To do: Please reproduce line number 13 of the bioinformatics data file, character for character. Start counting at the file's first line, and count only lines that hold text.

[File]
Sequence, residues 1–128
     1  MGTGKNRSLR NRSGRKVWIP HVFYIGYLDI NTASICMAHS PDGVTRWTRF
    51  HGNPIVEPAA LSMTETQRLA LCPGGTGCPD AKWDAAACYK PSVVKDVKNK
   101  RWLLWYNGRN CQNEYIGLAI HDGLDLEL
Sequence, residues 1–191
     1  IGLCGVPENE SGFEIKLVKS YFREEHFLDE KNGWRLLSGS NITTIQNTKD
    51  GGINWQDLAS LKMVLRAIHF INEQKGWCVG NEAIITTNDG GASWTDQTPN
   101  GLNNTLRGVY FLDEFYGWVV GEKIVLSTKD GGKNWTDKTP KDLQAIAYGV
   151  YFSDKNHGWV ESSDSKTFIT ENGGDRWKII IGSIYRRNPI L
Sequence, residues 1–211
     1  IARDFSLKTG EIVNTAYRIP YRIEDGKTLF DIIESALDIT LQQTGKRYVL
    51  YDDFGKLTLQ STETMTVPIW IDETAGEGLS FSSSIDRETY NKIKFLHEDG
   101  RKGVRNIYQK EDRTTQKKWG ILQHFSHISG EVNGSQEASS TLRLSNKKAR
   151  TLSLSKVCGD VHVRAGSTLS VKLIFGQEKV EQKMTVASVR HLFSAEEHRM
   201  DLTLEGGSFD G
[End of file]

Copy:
   101  RKGVRNIYQK EDRTTQKKWG ILQHFSHISG EVNGSQEASS TLRLSNKKAR